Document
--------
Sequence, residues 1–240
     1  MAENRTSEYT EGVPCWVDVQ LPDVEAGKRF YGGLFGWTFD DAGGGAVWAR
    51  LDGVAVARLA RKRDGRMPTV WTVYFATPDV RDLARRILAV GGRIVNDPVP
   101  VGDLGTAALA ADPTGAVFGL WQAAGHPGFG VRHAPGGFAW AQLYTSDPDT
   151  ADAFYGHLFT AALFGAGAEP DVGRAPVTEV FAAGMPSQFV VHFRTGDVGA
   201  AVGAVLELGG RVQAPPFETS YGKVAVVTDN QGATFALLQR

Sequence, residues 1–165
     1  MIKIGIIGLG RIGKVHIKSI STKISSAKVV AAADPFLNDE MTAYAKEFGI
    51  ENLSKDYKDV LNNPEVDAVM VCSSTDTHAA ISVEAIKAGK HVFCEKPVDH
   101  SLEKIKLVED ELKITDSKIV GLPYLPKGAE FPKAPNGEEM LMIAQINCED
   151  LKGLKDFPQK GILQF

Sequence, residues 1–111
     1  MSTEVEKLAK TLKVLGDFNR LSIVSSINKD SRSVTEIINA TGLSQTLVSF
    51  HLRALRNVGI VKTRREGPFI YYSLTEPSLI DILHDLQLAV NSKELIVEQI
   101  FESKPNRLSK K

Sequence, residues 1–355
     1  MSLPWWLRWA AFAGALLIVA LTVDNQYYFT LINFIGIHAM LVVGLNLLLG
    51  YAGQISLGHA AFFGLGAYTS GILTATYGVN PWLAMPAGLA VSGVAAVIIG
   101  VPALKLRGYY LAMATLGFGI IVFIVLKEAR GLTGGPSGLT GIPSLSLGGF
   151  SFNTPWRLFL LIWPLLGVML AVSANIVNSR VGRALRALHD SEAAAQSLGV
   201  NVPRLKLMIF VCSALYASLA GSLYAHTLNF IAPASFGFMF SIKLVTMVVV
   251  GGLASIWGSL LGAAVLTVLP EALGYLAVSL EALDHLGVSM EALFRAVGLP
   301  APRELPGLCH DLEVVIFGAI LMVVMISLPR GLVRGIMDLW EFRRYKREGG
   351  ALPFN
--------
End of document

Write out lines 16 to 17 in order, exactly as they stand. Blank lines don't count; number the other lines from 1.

Sequence, residues 1–355
     1  MSLPWWLRWA AFAGALLIVA LTVDNQYYFT LINFIGIHAM LVVGLNLLLG